In the Queen’s Speech, the government made provision for bills against extremism and in favour of driverless cars, drones, commercial space travel and adoption. It proposed turning all prisons into academies or something similar and consolidating British rights while reducing the power of the House of Lords. The watchword was ‘life chances’. Boris Johnson MP said that the EU was an attempt to recover the continent’s lost ‘golden age’, under the Romans: ‘Napoleon, Hitler, various people tried this out, and it ends tragically.’ For his part, David Cameron, the Prime Minister, said that in the event of Britain leaving the EU, ‘Putin would be happy. I suspect al-Baghdadi [leader of the Islamic State] would be happy.’ Nigel Farage, leader of the UK Independence party, said that if the Remain side won a narrow victory in the referendum there would have to be another one. Brighton council took out of service a dustcart painted with the Union flag lest it be mistaken for a Brexit ‘battlebus’.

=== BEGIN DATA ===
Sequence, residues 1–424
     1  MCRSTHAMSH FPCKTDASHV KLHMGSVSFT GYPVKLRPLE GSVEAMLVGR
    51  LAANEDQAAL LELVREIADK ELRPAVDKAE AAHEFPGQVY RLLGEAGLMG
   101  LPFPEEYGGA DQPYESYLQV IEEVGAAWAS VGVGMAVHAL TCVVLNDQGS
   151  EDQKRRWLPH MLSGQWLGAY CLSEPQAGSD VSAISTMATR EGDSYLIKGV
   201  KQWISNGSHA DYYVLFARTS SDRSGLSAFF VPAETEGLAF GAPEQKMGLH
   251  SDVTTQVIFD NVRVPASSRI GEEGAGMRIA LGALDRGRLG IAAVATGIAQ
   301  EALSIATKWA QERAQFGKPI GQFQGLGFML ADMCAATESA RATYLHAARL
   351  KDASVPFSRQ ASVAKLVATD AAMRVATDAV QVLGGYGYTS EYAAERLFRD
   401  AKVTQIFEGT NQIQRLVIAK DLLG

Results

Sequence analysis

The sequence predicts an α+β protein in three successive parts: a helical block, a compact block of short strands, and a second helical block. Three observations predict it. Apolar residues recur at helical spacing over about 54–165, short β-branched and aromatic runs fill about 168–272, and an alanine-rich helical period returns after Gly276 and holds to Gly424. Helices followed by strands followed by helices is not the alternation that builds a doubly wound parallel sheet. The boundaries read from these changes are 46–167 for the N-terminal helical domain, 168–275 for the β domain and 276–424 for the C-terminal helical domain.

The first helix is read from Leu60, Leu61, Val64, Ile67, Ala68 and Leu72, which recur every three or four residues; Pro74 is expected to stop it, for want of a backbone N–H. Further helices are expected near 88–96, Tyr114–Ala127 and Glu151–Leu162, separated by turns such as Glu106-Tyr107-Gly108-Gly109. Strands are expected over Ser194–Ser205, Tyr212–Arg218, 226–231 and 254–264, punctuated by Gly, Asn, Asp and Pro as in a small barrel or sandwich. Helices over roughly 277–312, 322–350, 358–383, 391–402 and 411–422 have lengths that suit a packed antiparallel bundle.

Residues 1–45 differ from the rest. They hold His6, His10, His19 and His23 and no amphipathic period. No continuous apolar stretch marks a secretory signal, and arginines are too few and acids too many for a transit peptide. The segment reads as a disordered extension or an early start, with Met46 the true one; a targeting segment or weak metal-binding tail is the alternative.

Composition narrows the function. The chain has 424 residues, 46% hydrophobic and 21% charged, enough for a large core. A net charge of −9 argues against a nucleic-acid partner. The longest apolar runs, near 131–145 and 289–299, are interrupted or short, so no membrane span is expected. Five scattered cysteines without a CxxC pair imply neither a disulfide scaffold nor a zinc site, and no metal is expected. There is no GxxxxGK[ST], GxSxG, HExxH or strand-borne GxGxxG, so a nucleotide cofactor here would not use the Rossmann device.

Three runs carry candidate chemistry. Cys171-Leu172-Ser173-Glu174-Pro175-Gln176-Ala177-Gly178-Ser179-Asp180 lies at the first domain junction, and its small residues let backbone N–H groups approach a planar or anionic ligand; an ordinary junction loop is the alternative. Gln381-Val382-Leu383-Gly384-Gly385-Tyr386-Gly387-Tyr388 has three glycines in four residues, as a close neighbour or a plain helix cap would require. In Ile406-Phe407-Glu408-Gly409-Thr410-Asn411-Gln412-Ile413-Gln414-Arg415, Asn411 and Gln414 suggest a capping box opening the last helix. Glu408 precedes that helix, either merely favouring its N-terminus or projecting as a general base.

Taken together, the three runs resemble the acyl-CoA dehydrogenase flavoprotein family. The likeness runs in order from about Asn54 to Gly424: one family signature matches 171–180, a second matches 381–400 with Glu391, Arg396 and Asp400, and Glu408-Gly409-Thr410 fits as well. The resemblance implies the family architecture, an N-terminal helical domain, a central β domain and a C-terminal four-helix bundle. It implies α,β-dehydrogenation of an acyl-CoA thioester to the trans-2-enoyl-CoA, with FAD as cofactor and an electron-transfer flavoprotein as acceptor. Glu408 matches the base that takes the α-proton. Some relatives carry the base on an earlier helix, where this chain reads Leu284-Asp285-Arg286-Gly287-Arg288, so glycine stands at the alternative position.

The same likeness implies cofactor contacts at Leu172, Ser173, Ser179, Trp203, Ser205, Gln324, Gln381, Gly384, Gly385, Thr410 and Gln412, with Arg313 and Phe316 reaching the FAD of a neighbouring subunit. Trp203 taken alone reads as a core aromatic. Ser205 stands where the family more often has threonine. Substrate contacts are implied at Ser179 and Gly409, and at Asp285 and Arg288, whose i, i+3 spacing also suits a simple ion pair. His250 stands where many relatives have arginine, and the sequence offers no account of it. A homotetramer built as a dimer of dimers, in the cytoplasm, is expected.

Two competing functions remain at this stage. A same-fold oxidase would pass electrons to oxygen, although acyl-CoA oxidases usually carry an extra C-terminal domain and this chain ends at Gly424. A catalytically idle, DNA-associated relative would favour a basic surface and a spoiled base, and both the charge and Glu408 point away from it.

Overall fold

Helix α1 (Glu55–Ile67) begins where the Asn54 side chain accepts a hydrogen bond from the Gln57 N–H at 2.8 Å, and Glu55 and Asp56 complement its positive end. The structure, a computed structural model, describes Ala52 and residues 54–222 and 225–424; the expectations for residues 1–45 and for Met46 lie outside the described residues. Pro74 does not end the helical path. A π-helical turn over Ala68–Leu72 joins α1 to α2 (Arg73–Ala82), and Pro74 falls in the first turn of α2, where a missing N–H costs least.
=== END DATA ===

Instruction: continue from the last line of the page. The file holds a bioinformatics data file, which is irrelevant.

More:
Sir Richard Dearlove, the former head of MI6, told a conference on migration: ‘For the EU to offer visa-free access to 75 million Turks to stem the flow of migrants across the Aegean seems perverse, like storing gasoline next to the fire one is trying to extinguish.’ A report for the European Commission predicted that the visa arrangement with Turkey would mean ‘increased mobility into the Schengen area of criminals and terrorists’. The annual UK rate of inflation, measured by the Consumer Prices Index, fell to 0.3 per cent in April, from 0.5 per cent in March; as measured by the Retail Prices Index it fell to 1.3 from 1.6 per cent. China’s ICBC Standard Bank agreed to buy from Barclays a vault in London big enough to store 2,000 tons of gold.